By Kuvee Kangueehi
Various political leaders in the National Assembly continued to congratulate the Minister of Finance, Saara Kuugongelwa-Amadhila, on Monday for tabling a good budget. Taking the floor on Monday, Michael Goreseb from the United Democratic Front (UDF) congratulated the Minister for adjusting the threshold of taxable income from N$24 000 to N$36 000 and said it will relieve the tax burden for low-income earners. He claimed that the proposal, which was initially his, would increase the purchasing power of many Namibians.
Goreseb said the introduction is pro-poor and is a step in the right direction for alleviating poverty. He also applauded Government for investing hugely in education but remarked that it is an open secret that the country has invested in a school system with drastic shortage of basic literacy and numerical skills. He added that while he welcomed the money budgeted for building more schools, there is a need to renovate the existing old ones.
“It is disappointing that schools recommended for urgent attention in Omaheke Region and Daures Constituency did not figure again under schools in line for renovation and building.” He warned that effective learning couldn’t take place under such harsh conditions.
On his part, Swapo Party MP, Chief Ankama, said he is convinced that the Finance Minister together with the staff and all other contributors to the budget have done everything in their power given the scope of scarce resources. He said reducing poverty, creating jobs and facilitating equitable opportunities for all remains central to all Government activities. Education remains among the priorities but there is need to increase the student loans and grants for tertiary education and training. He noted that last year close 12 000 students applied for study loans and grants but only a total of 3 905 were granted loans.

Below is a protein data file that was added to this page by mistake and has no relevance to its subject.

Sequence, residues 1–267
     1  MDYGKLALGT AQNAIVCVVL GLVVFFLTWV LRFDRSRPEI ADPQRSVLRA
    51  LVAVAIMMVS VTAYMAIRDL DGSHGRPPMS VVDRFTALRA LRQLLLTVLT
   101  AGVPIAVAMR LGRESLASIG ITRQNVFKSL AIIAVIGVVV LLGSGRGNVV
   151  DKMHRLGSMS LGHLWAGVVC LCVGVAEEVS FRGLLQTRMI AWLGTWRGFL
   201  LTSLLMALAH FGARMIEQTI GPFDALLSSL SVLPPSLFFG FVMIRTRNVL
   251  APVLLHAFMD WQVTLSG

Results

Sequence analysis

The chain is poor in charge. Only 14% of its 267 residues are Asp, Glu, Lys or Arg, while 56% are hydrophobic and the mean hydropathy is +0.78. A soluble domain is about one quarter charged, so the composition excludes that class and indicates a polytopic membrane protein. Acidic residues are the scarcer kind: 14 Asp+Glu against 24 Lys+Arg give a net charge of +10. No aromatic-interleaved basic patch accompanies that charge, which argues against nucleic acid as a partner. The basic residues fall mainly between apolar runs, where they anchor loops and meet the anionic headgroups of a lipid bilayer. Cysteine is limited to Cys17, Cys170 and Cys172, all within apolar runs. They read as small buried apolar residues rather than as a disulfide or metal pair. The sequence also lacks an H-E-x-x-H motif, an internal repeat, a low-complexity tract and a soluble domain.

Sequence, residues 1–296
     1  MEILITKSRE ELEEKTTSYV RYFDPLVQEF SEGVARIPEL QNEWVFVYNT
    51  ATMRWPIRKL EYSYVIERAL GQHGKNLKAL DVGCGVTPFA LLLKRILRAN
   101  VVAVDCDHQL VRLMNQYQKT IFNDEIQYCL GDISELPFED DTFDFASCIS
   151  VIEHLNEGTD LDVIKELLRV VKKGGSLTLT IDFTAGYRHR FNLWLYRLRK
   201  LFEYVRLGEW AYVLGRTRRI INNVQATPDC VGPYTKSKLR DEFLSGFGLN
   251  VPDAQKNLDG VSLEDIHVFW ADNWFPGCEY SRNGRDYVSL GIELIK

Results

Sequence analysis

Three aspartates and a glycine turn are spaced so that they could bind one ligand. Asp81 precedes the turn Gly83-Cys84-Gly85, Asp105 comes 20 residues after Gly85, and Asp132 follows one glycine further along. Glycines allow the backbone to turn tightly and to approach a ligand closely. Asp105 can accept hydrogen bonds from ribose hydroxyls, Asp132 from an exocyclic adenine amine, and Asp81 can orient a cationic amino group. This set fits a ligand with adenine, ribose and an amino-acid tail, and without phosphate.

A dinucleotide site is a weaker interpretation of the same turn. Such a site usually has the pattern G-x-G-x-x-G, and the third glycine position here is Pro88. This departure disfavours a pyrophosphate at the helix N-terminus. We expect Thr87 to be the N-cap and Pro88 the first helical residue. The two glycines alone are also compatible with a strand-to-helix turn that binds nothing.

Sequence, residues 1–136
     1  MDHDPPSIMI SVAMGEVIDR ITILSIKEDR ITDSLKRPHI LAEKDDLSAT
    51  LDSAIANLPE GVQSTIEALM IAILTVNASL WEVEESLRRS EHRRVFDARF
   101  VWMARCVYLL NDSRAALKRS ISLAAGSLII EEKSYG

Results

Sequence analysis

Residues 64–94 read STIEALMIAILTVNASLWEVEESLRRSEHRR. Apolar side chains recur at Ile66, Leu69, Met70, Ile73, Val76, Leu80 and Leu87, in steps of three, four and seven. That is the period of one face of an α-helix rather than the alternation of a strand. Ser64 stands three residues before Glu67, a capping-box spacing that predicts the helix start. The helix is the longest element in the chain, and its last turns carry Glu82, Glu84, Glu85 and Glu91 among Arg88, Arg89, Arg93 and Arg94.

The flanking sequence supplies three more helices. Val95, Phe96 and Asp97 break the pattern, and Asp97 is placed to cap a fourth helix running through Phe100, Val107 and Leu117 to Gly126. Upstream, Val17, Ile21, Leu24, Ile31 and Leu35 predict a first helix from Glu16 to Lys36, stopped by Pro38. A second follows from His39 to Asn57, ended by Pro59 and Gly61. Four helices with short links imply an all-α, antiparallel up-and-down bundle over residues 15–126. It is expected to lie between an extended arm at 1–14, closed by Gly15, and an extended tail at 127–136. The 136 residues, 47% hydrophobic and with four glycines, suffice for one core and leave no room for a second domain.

“My appeal is that review of the fund be made to ascertain that more students receive loans, especially those doing critical courses that Government list as priorities in accordance with the national development plan at hand.”
Ankama added that the financial input into education should be equitable to its medium and long-term output.
“When we invest in education, we must as well be able to translate our work into visible dividends and our products must be of the best quality and marketable.”
The Swapo MP further noted that a number of people are dissatisfied with the way electricity supply is run in many parts of the country. He said many people, including himself, are not happy with the services of the recently established regional electricity distributing (Reds) companies.
“They are a middleman between NamPower and customers and their services are exorbitantly higher and unaffordable for poverty alleviation and economic growth purposes.” He added that their services of continuous power supply and customer-ship are pathetic and unreliable.
Deputy Minister of National Service, Youth, Sport and Culture, Pohamba Shifeta, echoed the sentiments of Ankama and said the budget is well-balanced and is coupled with well-disciplined fiscal policies.
“This national budget is aptly aimed at addressing socio-economic challenges facing our people, especially the indigent members of society.” He said the increase in capital projects is indeed a welcome move, as this is essential for economic growth. However, he was concerned with the implementation of the development projects, as the country has experienced under expenditure. He complained that 50 percent of the money appropriated for development returns to Treasury unspent and Government should seek for an ultimate solution.
“Effective implementation of capital projects means accelerating economic growth and infrastructure development which in total means creating employment.”
The budget debate continued in parliament on Tuesday with Asser Mbai from Nudo making his contribution.